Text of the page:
The other day I wrote that strongmen or dictators (Rodrigo Duterte calls them despots which is more derogatory) cannot escape the judgment of history. Usually, history is harsh on them.
But did you know that America’s great presidents were strongmen, dictators, despots, and oppressors. You can be bad but still be rated great later.
I came across an article by Doug Bandow, an American political writer, nationally syndicated columnist, and a resigned senior fellow at the Cato Institute. He recalls that 50 years ago historian Arthur Schlesinger organized a poll of 55 historians to rate America’s presidents.
“Presidential greatness is defined as action, the more frenetic the better. Which means big government, the more intrusive the better,” Bandow writes.
Per the Schlesinger father and son, the 12 great and near great presidents of the US are: 1. Abraham Lincoln, 2. George Washington, 3. Franklin D. Roosevelt, 4. Thomas Jefferson, 5. Andrew Jackson, 6. Theodore Roosevelt, 7. Woodrow Wilson, 8. Harry Truman, 9. James Polk, 10. Dwight Eisenhower, 11. John Adams, and 12. John F. Kennedy.
Abraham Lincoln is the unanimous No. 1 for greatness, according Bandow. But the guy plunged the nation into a civil war in which 620,000 Americans died.
“Lincoln also began a tradition of subverting constitutional liberties. He unilaterally suspended habeas corpus; his administration jailed political opponents, banned critical newspapers from the mails, and manipulated border state elections. At his urging Congress conscripted men into the army and turned paper money into legal tender. Moreover, the Civil War proved the truth of the adage that war is the health of the state: Abraham Lincoln created the first national government that intimately intruded into the lives of its citizens,” says Bandow.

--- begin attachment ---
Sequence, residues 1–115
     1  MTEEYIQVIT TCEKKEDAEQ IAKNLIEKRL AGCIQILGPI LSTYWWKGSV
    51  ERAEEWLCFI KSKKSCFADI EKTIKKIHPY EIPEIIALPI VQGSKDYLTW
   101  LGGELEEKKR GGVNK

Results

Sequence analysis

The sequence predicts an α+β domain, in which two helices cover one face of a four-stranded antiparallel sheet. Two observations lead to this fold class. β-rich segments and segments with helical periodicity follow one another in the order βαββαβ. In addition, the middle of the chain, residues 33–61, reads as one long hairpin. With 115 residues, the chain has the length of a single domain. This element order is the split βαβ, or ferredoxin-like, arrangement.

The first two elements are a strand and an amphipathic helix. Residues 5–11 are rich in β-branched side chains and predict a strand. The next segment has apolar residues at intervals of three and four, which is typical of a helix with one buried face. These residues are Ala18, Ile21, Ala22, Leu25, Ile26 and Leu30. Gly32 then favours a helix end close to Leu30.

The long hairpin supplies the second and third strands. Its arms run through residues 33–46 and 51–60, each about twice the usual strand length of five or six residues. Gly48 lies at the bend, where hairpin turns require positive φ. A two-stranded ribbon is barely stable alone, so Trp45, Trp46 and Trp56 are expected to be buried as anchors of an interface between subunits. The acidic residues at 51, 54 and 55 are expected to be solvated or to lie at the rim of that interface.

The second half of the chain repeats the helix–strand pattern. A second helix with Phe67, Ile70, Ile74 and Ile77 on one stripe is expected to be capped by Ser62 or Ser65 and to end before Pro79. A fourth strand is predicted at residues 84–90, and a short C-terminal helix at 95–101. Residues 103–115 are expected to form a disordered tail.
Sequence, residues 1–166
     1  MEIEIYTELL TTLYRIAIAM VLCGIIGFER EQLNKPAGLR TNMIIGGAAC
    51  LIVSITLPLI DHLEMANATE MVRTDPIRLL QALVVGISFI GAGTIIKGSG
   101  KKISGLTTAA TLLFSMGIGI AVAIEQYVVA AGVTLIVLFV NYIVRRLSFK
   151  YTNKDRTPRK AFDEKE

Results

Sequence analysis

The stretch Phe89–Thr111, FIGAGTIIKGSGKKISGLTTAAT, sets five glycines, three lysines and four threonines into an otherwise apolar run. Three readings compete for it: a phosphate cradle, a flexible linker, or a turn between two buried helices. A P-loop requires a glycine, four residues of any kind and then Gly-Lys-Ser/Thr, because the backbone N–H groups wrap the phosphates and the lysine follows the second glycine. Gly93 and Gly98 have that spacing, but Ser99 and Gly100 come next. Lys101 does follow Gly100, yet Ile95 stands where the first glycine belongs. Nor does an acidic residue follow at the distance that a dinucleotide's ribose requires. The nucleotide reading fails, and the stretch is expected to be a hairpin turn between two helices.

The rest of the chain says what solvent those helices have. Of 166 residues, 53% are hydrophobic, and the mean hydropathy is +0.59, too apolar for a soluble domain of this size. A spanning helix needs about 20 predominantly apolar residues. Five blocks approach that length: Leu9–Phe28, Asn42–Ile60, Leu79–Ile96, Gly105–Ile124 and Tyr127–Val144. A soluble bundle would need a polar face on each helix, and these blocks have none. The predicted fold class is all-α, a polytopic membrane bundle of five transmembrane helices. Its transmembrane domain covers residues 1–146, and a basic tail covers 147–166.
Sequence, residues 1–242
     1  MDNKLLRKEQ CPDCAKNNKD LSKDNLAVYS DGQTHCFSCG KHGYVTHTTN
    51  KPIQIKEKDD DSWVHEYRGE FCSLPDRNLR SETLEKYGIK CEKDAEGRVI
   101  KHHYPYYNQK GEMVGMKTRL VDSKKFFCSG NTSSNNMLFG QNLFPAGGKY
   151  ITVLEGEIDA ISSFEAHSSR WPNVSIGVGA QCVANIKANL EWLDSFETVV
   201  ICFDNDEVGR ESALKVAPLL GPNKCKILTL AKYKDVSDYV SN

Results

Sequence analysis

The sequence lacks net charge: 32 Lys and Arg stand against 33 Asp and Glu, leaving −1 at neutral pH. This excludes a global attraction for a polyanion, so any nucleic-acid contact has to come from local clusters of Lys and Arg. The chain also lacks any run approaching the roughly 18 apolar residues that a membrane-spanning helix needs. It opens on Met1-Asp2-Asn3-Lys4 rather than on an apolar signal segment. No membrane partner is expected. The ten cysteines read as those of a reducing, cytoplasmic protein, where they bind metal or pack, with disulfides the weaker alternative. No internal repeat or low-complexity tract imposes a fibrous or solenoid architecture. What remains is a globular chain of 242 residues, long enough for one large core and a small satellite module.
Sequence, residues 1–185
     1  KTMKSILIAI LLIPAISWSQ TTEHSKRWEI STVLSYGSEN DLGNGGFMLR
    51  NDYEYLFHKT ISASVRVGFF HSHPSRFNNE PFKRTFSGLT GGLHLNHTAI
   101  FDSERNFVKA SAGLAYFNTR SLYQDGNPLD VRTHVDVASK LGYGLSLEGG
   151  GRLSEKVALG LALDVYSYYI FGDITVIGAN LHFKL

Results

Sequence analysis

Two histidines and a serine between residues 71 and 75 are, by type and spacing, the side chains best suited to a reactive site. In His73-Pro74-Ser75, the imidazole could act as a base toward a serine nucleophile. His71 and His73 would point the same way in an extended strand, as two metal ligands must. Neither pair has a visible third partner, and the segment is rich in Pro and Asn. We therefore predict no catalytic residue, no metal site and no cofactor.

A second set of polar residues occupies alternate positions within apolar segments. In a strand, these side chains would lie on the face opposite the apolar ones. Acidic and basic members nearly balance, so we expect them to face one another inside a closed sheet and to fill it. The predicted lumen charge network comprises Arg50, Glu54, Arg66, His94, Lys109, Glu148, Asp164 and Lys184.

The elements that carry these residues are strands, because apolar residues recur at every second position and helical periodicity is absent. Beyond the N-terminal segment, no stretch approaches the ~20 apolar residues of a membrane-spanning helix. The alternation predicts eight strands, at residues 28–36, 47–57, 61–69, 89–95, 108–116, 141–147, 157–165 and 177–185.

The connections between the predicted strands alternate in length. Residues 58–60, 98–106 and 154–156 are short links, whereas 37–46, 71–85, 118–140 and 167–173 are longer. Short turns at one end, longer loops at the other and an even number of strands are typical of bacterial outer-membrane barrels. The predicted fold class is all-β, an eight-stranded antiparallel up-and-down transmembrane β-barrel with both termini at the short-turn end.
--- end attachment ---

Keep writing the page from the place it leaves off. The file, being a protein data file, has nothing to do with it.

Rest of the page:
The second great was FDR. But, says Bandow, “his economic policies were a failure. The New Deal, as he termed it, might have improved Americans’ morale, but it did not spark a sustained recovery. Now, decades later, we are reaping the bitter harvest of many of his misguided initiatives: deposit insurance, which led to the S&L debacle; Social Security, which is heading over a fiscal cliff; and pervasive government meddling, which has slowed our economy’s growth and reduced our freedom.”
“Moreover, while his wartime leadership may have been competent, he had a wildly naive view of mass murderer Joseph Stalin. Equally important, Roosevelt maneuvered secretly to drag the United States into the worst war in human history, a decision which deserved to be debated fully by the American people. Finally, he committed perhaps the single greatest violation of civil liberties of any president—the incarceration of over 100,000 Japanese-Americans based on their national origin. Equally grotesque was his administration’s refusal to allow the entry of Jewish refugees even while the Nazis were destroying European Jewry.”
The third great president, Washington, Bandow notes, “is the only one who deserves that designation, as much for what he did not do as for what he did. Washington … rejected the opportunity to accumulate power. Nor did he see America’s role as that of an international nanny; to the contrary, he warned against foreign entanglements. He truly believed in individual liberty and republican government.”